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Street circuits are the key to Formula E’s success – 4 challenges

Street circuits are the key to Formula E’s success – 4 challenges

21/04/2016 at 18:45Updated 22/04/2016 at 18:29

Formula E succeeded in creating a popular racing series with electric cars. eGPs also owe their success to their circuits, exclusively based in the heart of cities. These tracks meet a set of precise specifications, as Formula E CEO Alejandro Agag explains.

1-The cities chosen to showcase Formula E

Formula E’s success was far from certain, with many doubts about the project before its launch in 2014. To give the series the best chance, organisers decided to race entirely on street circuits, placed in the middle of the world’s greatest cities. The goal was simple – convince people by bringing the action to them, and the 2015-16 season features races in Beijing, Mexico City, Paris, Moscow and London.

Alejandro Agag’s view: “Staging races in globally important cities helps to reinforce our message and distribute it better. They want to identify with our values: clean transport and electric cars. That’s why they were our priority. Clearly, there are other cities, but we have to make sure it is feasible – for example some are difficult to access and the streets are too narrow.”

2 – Successful negotiation with cities

Thanks to its electric cars, Formula E succeeds where F1 has often failed. The cars do not pollute and there is less noise. But there are other hurdles, such as the timing. Dates are set by the organising committee and subject to FIA approval. Next, the event needs to gain permission from cities especially to close roads around the circuit. Anyone who has seen the traffic in Paris, for example, can imagine the challenges of staging an ePrix.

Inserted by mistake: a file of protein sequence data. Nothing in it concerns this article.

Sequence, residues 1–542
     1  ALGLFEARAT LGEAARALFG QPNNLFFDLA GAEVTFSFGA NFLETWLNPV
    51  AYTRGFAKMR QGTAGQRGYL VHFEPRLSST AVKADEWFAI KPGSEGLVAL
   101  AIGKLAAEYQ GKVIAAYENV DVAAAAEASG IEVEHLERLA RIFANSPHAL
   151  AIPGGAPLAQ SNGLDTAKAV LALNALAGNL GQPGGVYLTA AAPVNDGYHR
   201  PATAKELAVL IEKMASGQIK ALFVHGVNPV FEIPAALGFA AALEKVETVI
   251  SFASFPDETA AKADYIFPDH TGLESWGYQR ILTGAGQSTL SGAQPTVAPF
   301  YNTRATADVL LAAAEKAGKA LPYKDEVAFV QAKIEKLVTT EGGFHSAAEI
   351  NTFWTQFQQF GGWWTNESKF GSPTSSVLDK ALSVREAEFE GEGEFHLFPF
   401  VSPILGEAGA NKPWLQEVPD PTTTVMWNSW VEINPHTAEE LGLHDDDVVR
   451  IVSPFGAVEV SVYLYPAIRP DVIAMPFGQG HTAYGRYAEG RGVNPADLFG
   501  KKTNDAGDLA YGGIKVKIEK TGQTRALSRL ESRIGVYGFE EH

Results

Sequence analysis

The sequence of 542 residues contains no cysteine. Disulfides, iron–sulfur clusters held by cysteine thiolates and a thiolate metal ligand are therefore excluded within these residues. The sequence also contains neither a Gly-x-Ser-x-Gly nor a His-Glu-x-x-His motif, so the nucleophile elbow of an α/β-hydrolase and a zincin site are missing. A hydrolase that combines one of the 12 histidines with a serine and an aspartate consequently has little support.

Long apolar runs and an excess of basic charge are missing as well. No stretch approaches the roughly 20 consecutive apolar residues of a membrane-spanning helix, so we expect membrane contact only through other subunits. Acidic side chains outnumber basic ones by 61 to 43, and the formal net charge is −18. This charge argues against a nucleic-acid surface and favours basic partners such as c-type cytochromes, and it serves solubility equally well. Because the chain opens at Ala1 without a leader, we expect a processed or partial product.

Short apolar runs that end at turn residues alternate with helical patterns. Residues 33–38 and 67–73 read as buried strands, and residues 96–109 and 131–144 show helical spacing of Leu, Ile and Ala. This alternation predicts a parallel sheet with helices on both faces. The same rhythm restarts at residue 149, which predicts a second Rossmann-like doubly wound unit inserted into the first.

Alejandro Agag’s view: “Despite what you might think, the Paris ePrix was no harder than the others to organise. That’s for a simple reason: in France, as in other countries, we have been lucky to get incredible support from the city, from Mayor Anne Hidalgo and her team. We work together and gained permission to run fast enough. In general, negotiations last a year. The real difficulties are logistical and organisational.”

Formula E

Formula EEurosport

3 – Setting up the track

This is where things get complicated. Developing a circuit in the city centre throws up many obstacles, including those related to security – clearly a key point in motor racing. Urban tracks are generally short on clear spaces, cars skirt the walls – and nothing is modifiable.

Alejandro Agag’s view: “We look at all these elements locally. If we don’t find a flat area large enough to install the paddock, we can’t organise an ePrix. From a technical point of view, we also try to find the most ‘beautiful’ corners possible. Then you have the logistics of delivering structures, walls and security barriers – in Paris we had to bring them to the river Seine. You also need a track surface stable enough to cover the cobbles, but also easy to remove later.”

4 – Showcase for Formula E... and constructors

A spectacle at the heart of the world’s largest cities inevitably attracts crowds. Thousands of tickets sell easily, and new races such as Paris this year arouse curiosity. This is particularly important for the Formula E constructors (Renault, Audi, DS etc.) who are fighting for the title.

Alejandro Agag’s view: “Clearly, we take the size of the market into account when we choose the cities, but it’s not the most important criterion. We know very well that opportunities to install a lot of seating and large terraces are restricted. If we try to attract people, it’s above all for our partners. Because as well as winning races and fighting a technical battle, the manufacturers are here to sell cars.”

And although he admits the Paris ePrix is its best showcase, the Formula E boss is not yet satisfied. When we contacted him for this interview he was in New York, looking for a new playground for electric cars.

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